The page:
The credit union concedes that "the Board of Governors of the Federal Reserve System could adopt a rule or policy that strictly prohibits all financial institutions from using Reserve Bank services to bank the marijuana industry because marijuana remains federally illegal." But instead "the Board of Governors adopted a rule that allows all depository institutions to provide services to MRBs [marijuana-related businesses], provided they comply with the FinCEN guidance and the Cole memorandum." Fourth Corner adds that "whatever the rule is, it must be applied equally and not discriminate."

Judge Jackson does not seem inclined to grant a preliminary injunction based on that argument. "I would be forcing the reserve bank to give a master account to a credit union that serves illegal businesses," he said yesterday. "If I were in the Congress, I'd vote for you," he told Fourth Corner's lawyer, "but I've got to do the job of a federal judge here...I think there's a certain unfairness to allowing these big banks to serve this business and keeping you out. But it's not for me, I don't think, to decide issues of fairness or policy. My job is to enforce and apply the law."

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  • Fist of Etiquette||

    The deck is stacked firmly against legalization. This is going to be a long slog.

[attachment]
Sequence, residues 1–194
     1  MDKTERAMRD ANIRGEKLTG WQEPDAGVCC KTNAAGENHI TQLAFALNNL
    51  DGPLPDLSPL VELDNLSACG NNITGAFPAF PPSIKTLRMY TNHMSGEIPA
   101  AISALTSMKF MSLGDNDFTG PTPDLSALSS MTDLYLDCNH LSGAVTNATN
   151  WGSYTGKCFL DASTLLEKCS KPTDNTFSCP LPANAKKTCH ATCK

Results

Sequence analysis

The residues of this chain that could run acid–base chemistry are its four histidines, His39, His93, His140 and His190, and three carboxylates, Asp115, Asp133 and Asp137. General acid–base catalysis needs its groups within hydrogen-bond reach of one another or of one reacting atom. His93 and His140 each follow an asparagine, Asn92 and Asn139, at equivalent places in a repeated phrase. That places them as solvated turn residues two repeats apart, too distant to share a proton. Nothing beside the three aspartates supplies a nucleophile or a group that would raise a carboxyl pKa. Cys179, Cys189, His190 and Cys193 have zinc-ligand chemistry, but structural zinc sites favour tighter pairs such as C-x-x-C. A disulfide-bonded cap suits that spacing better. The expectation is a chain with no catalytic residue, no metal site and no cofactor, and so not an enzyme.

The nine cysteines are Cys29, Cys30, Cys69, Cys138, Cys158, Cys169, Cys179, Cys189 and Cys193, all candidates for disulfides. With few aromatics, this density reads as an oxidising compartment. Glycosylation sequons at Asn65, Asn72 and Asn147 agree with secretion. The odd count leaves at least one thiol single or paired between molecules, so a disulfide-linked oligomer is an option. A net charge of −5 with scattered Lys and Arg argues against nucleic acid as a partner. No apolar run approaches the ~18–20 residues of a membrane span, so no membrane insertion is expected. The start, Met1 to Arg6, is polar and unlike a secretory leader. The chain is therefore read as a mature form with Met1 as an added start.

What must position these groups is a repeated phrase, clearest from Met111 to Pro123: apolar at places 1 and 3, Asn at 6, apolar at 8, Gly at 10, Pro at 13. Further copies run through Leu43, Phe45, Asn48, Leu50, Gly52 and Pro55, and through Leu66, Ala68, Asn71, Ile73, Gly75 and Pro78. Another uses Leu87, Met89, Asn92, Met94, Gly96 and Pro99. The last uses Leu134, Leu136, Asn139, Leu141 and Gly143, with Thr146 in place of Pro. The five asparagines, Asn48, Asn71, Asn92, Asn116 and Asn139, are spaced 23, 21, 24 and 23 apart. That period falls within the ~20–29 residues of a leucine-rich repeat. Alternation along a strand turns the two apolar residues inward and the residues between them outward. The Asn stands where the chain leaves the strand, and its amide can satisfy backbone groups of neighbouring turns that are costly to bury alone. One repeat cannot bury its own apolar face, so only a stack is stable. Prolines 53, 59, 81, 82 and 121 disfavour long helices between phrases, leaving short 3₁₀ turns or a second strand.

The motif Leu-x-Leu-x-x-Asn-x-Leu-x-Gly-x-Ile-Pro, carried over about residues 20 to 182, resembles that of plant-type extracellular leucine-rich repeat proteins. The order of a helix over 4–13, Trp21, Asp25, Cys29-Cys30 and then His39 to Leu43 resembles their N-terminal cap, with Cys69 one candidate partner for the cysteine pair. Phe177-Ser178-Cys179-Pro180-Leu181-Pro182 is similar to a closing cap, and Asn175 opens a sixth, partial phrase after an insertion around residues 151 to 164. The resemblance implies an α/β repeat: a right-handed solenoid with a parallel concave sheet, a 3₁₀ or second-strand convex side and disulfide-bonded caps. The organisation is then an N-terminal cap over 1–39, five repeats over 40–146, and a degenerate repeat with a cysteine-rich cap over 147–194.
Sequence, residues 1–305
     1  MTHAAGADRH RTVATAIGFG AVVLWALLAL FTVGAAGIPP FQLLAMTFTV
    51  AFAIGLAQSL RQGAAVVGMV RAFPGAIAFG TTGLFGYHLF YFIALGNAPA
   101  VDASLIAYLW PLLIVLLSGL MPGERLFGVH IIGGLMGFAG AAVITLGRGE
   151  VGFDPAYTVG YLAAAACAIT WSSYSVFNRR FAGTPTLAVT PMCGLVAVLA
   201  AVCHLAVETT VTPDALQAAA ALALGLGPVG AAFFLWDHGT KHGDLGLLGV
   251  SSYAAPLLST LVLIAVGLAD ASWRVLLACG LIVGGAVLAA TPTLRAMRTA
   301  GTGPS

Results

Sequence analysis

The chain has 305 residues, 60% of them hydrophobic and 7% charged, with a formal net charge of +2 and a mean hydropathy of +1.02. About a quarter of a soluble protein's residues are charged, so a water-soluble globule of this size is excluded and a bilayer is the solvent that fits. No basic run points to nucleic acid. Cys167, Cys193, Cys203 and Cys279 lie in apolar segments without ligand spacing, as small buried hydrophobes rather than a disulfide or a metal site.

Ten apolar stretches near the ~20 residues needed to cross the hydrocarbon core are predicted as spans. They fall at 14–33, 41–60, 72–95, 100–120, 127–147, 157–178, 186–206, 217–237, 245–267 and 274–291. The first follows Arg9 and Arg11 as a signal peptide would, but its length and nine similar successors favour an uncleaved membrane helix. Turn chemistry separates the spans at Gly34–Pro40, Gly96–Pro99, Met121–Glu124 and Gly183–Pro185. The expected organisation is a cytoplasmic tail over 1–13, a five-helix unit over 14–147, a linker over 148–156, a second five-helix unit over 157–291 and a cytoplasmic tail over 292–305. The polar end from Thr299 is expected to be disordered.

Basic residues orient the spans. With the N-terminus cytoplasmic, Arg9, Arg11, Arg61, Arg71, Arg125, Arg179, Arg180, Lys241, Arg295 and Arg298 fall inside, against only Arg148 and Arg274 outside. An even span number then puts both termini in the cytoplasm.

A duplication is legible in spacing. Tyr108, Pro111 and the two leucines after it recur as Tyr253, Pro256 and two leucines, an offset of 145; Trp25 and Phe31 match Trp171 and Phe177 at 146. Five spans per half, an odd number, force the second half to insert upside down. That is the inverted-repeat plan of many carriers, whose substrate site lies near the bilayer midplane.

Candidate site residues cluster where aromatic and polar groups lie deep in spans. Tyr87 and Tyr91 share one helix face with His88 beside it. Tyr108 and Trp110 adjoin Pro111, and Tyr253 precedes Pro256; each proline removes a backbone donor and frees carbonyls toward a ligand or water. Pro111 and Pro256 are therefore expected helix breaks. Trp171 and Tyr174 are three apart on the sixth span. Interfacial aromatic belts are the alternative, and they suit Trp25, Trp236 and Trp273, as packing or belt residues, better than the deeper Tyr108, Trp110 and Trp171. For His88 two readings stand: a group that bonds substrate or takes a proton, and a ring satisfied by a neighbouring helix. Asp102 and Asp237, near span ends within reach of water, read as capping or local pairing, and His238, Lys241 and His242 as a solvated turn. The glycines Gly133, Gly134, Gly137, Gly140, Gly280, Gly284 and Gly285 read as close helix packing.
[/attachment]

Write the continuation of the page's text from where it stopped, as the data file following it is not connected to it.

• Swiss Servator||

    If only Comrade Obama knew of this injustice...

  • Plàya Manhattan.||

    His newspaper must be late today.

  • CatoTheChipper||

    Maybe CNN will run the story. Obama hasn't been watching much cable news lately, so he may be catching up while he's on vacation.

  • Plàya Manhattan.||

    He has his eye on the Hawaiian Monarchy right now.

  • Hank Phillips||

    What? Liliuokalani got deposed?

  • Hank Phillips||

    Do you know anything of the conditions of slog in those people's States? Where there is no libertarian party? Much of the world is still trapped in Nixon-era mystical violence between liberation armies, military dictators, bomb-planters, rigged secret ballot elections and corrupt soft machines. Americans hold in their mortal hands the power to change everything simply by voting for a 44-year-old party instead of the same looter gerontocracy. John F Kennedy was elected at age 43.

  • Robert||

    The deck is stacked any way the Fed wants it stacked. If the Fed wanted to do biz w ISIS, the State Dept. would have to lump it. If the deck's stacked vs. legaliz'n, it's because the Fed wants it that way.

  • Swiss Servator||

    "But it's not for me, I don't think, to decide issues of fairness or policy. My job is to enforce and apply the law."

    How was this guy ever allowed on the bench?! What about the FEELZ???

  • Jerryskids||